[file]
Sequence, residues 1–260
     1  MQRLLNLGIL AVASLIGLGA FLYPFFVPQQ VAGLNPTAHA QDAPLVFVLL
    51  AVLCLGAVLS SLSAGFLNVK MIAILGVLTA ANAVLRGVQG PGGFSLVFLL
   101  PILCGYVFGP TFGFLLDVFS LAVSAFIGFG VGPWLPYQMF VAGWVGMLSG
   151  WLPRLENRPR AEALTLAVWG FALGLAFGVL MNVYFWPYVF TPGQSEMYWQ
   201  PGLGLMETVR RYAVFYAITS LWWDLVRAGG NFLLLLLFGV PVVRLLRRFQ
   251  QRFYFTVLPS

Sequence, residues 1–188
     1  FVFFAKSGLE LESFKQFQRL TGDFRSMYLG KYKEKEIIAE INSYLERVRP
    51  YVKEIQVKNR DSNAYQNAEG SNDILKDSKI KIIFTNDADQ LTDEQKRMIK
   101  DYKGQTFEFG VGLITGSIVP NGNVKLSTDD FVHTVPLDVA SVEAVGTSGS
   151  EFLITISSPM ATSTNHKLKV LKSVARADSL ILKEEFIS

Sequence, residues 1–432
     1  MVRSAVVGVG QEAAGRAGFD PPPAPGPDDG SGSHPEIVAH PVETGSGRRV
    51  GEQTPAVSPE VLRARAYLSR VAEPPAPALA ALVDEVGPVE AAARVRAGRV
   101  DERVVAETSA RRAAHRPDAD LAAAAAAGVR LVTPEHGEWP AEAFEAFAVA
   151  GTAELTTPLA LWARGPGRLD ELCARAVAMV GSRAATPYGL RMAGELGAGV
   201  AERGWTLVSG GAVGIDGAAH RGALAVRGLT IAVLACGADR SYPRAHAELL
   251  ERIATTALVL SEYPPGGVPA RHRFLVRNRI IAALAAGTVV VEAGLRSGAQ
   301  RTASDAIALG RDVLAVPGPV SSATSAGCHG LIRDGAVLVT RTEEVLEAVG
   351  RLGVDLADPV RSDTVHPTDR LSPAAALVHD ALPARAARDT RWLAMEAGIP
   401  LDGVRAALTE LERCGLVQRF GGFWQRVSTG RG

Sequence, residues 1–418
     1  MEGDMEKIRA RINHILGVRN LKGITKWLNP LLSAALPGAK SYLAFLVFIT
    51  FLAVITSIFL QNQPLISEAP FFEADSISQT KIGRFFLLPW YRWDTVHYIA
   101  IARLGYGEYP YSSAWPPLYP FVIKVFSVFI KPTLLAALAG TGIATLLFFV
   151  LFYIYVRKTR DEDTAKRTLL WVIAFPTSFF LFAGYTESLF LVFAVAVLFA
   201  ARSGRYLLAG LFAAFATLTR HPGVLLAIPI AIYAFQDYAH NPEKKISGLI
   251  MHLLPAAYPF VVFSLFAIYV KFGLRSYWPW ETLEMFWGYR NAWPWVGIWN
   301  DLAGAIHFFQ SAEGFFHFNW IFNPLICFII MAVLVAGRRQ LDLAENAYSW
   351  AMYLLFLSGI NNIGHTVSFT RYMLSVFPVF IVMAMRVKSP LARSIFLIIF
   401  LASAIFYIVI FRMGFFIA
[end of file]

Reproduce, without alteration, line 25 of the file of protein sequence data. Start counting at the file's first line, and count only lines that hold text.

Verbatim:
    51  FLAVITSIFL QNQPLISEAP FFEADSISQT KIGRFFLLPW YRWDTVHYIA